Collingwood Notables Database
Displaying 1 - 7 of 7
Plumber and gasfitter, councillor, honorary magistrate, publican
James Page was a Scottish immigrant who spent most of his adult life in Collingwood and was an active member of local society as a plumber, hotelkeeper, lodge member, councillor, and Justice of the Peace. He acquired a number of properties in Johnston Street and surrounds, and raised a large family. Page Street in Clifton Hill was named in his honour.
Carpenter and joiner, timber merchant, hardware merchant, manufacturer
Soon after arriving in Melbourne in 1857 Thomas Pearce set up a timber yard and factory in Fitzroy with his cousin, John Stone. Eventually he established a business on the corner of Victoria Street and Church Street Abbotsford, which was to remain in the family until 1957 and continue to use the name Pearce until late in the twentieth century.
Bookseller, bibliographer, book collector, publisher
Born in Somerset in 1847, Edward Petherick was the eldest son of well-known Collingwood identity Peter Petherick who was a hotelkeeper, rate collector and councillor. Edward was to become a noted bibliographer and the foremost authority on Australiana; he eventually transferred his extensive personal book collection to the Federal government in return for an annuity and the position of archivist. He is also known as a founding member of the Royal Historical Society of Victoria.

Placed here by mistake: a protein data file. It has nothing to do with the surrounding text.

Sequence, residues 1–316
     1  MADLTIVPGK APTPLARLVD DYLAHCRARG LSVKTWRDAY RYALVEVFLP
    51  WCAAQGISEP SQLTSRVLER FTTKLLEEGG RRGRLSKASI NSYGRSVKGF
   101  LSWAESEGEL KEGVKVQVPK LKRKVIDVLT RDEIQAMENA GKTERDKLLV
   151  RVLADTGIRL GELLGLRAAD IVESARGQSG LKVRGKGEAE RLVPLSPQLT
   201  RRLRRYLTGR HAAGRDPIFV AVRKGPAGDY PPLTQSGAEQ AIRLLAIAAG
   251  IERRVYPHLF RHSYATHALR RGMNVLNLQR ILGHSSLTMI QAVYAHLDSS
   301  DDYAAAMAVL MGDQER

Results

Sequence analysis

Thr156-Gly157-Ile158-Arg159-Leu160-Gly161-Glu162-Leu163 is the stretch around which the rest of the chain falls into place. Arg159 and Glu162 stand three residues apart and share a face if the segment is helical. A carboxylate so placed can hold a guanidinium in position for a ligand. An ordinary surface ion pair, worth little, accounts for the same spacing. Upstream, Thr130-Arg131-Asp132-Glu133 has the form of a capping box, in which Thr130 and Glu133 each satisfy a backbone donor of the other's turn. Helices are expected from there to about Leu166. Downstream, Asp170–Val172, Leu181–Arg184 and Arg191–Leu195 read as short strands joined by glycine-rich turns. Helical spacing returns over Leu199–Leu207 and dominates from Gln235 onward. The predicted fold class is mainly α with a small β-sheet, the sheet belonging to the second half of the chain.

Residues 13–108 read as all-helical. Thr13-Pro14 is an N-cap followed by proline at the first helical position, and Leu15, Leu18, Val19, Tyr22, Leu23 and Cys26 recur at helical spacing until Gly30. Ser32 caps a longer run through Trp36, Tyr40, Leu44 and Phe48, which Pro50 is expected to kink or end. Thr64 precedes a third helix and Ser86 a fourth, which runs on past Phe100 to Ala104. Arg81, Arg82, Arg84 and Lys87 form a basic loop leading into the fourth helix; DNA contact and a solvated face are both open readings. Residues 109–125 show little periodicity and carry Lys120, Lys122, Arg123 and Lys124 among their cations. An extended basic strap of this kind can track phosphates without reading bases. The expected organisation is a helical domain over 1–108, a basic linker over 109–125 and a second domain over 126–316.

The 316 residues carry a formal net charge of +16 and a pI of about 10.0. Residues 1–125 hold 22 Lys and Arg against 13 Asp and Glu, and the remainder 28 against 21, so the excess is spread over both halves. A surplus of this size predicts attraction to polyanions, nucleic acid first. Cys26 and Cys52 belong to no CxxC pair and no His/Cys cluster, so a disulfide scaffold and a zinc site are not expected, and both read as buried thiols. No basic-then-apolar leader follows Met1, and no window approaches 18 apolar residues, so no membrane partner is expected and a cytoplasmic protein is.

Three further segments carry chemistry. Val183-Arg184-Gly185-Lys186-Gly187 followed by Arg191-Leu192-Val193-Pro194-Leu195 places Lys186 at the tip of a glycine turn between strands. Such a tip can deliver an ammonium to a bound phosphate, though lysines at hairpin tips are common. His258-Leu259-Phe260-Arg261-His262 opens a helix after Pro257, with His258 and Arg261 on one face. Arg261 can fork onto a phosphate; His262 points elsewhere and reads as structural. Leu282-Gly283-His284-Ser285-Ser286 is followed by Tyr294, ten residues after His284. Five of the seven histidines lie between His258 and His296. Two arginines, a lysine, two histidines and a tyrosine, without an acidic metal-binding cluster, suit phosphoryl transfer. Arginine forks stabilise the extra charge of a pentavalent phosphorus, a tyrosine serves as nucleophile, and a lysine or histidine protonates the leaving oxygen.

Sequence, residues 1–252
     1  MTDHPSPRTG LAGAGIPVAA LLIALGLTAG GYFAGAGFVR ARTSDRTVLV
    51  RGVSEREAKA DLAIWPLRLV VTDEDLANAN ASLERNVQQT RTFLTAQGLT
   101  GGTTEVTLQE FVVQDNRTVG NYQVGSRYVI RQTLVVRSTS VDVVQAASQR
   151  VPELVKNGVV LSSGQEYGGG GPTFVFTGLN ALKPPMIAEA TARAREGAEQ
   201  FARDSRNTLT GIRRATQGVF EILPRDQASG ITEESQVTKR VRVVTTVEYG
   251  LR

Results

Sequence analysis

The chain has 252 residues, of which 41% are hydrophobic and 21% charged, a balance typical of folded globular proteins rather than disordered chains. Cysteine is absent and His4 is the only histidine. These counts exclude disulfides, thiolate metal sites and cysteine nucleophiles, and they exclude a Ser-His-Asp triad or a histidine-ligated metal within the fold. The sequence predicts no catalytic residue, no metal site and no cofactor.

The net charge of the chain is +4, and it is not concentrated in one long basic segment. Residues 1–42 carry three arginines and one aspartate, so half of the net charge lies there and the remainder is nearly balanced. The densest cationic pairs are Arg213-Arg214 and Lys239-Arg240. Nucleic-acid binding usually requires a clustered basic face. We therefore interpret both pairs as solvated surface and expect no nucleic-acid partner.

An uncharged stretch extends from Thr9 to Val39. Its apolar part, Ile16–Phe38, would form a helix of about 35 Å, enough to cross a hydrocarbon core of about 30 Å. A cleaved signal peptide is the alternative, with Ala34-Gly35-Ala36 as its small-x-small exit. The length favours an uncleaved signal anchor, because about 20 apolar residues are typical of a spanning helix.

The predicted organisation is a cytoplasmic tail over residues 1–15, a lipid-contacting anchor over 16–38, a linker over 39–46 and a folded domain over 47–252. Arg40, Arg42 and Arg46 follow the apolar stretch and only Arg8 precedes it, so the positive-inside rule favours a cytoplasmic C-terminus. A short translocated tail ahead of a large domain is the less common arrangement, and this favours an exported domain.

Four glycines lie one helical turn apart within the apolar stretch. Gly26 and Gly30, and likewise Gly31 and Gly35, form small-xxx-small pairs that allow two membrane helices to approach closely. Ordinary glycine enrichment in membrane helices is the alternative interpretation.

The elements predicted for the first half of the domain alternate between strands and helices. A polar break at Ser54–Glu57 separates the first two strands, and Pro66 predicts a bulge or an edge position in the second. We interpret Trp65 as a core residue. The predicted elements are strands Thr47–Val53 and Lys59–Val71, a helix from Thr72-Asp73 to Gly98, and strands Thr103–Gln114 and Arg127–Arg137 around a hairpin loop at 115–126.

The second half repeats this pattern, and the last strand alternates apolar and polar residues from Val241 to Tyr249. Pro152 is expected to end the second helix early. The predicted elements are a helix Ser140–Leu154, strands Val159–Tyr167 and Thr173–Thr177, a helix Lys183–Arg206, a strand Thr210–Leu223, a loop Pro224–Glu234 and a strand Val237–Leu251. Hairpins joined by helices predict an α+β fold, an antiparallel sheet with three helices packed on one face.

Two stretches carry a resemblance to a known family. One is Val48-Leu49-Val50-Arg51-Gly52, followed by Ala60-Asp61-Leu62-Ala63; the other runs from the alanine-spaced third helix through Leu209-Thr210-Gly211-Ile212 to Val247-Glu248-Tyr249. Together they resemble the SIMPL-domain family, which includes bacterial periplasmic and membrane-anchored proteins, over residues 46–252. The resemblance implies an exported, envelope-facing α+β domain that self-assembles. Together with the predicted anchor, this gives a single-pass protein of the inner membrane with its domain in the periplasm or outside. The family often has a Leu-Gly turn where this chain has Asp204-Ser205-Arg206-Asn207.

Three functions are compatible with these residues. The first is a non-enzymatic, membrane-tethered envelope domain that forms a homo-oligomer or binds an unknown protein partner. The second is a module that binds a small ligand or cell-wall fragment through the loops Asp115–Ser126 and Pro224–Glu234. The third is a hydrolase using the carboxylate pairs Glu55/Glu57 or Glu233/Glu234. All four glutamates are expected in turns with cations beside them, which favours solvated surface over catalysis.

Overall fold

Petherick was a son of well-known Collingwood identity Peter Petherick, who was variously hotelkeeper, councillor and rate collector. Harold was reputed to be a clever boy, matriculating at fourteen, and passing his law examinations with distinction. In the 1880s he assisted his elder brother Edward, the noted authority on Australiana, with the compilation of a substantial bibliography of colonial works.
Architect, Councillor, Mayor, Member of Parliament
Pitt commenced practice as an architect in 1879 and quickly achieved success. His most prolific years coincided with the boom period in Melbourne and his designs remain a testament to the confident exuberance of the period. Much of the west end of Collins Street owes its distinction to his buildings such as the Rialto, the Olderfleet and Pitt’s Buildings. His re-design of the Princess Theatre was one of his great achievements.
Carpenter, timber merchant, Collingwood Technical School committee member
David Provan was a carpenter and joiner, following in his father’s footsteps, and then went on to found two timber merchant businesses – Mulready, Provan & Clarke in 1903 and David Provan & Sons in 1923. An enterprising and resourceful man, his single-minded determination and sheer hard work assured success. He valued loyalty and pride in workmanship and this comes through in company advertisements of that time “Quotations with pleasure, large or small orders promptly executed, first class materials and workmanship”.